Global Finals truly is a big deal.  I had someone snidely ask me if it was actually global or just Americans being full of ourselves, kind of like baseball’s World Series.  Well, I wrote down the countries participating as they walked in with their flags and signs during the Opening Ceremonies.  Besides 42 of the states in our Union and most, if not all, of the provinces in Canada, the following countries or territories had representation:  China, Guatemala, Romania, Cayman Islands, Poland, Qatar, Turkey, Singapore, Mexico, Brazil, South Korea, US Virgin Islands, and Ecuador.  We saw indication later that over 17,000 people were in attendance.

It was impressive.

There were three and a half days of competition, each Challenge running a team every 15 minutes all. day. long.  Hundreds of hundreds of teams.

There were also side activities like the Luau, the Duct Tape Ball – where they set a record for the most number of people wearing Duct Tape clothing, a sneak preview of James Cameron’s DeapSea Challenge movie coming out in August, a Passport Party to provide information and food samples from the different countries (rained out by the time we got there), expos of exciting educational toys and fun opportunities, a Graduation Ceremony for seniors, and more.

We had a blast.  The rest of my posts this week will chronicle some of our experiences there.  We went to the Closing Ceremony Saturday night hoping for something great but working hard not to get our hopes up too much.  After all, there were around one hundred teams participating in her Challenge.  Top 20 or 30 would make us happy, her team manager had said.  The top 10 would be posted on the Jumbo-tron.  The top 3 would walk the stage.  So probably we would know nothing about how they had done until the complete results were posted online later.

And then, there they were.

They had finished in the top 10 and they were up there on the screen.  I screamed in excitement and struggled to take a picture – grateful that sleeping Hal had moved his dead weight off my arm moments before.  I began to cry.  No special awards, no walk across the stage, but still.  They were one of the best in the world.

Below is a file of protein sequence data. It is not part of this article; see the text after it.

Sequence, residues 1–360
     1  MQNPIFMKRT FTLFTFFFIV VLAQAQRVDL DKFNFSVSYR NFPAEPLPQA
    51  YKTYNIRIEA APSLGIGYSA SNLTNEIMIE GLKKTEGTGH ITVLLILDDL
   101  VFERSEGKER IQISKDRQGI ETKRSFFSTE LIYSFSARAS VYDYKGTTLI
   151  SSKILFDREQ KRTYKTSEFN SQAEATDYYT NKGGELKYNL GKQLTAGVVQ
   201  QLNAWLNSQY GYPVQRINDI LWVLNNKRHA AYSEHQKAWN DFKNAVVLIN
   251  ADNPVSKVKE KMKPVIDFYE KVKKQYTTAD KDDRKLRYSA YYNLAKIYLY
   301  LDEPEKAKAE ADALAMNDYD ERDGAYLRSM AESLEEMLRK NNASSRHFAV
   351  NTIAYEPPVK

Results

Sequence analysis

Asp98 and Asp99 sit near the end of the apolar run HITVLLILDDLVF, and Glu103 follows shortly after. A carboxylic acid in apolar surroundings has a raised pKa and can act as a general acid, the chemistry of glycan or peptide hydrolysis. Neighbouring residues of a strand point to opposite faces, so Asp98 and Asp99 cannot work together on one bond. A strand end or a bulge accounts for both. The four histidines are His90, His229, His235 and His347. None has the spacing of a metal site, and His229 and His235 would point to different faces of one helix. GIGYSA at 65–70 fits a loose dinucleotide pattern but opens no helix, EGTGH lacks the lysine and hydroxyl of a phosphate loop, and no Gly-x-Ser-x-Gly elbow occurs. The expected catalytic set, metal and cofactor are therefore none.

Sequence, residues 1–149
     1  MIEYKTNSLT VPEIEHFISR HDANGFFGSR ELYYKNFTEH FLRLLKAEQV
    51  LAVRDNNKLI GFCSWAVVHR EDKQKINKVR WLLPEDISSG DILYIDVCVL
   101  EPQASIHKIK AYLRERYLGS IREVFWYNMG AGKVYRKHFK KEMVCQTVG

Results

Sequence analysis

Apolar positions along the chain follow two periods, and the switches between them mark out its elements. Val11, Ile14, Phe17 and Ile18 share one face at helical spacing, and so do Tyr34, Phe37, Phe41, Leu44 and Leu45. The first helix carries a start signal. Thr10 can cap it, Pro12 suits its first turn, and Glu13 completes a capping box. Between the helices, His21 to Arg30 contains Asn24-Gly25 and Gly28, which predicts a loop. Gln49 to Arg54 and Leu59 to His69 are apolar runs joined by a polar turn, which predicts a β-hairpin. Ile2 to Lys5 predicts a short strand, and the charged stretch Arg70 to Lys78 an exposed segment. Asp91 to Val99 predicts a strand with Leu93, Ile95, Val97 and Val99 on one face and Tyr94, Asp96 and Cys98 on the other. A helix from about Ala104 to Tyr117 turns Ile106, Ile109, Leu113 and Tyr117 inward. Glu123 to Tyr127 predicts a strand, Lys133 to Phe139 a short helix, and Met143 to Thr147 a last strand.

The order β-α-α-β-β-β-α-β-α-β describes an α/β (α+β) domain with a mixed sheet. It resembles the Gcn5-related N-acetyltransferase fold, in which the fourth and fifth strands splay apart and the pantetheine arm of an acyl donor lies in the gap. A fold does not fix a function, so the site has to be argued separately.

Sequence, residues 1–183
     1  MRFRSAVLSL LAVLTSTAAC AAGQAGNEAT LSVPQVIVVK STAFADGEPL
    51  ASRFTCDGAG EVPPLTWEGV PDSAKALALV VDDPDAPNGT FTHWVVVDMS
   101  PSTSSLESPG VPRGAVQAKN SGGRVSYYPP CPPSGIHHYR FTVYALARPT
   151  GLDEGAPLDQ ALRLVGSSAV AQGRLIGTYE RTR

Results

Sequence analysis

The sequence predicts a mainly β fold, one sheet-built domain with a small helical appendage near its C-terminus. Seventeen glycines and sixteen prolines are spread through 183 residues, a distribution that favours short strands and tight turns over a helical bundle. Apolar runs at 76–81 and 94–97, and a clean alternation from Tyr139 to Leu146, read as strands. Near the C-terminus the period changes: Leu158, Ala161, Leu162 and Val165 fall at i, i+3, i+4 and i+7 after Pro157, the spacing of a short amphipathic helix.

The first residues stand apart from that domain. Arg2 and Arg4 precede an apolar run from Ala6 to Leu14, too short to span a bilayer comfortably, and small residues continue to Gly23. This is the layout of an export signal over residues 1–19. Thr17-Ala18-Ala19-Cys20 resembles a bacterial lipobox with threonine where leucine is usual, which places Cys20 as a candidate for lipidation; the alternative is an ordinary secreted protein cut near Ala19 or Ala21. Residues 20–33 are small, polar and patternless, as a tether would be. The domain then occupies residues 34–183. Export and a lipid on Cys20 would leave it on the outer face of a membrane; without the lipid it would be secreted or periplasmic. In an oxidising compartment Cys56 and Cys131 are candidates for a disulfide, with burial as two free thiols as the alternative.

We asked Daryl if he was jealous.  He said no and he seemed to mean it.  He had had such a good time that he was grateful for the opportunity to be there and even, in a way, grateful to experience Globals for the first time without having to worry about a performance of his own.  He plans to return next year in his own right.

DI is a big deal in our town.  I’ve heard people talk about how their teams did before.  I’ve heard the pride as they said they went to Globals.  I’ve heard the pride as they said they finished seventh or twelfth or whatever.  I’d always wondered how they could be so proud of something lower than third.  I mean, really.  If you aren’t getting a medal…?

But now I get it.  Having been there, I now realize that there’s a whole range of things to be proud of.  Her team on the Jumbo-tron?  So many teams sat through that entire ceremony without the opportunity to cheer for themselves.  They went home pleased that they had made it, maybe pleased with how they’d done, determined to do even better next year.  But they weren’t called out.  Our girls were and I couldn’t be prouder.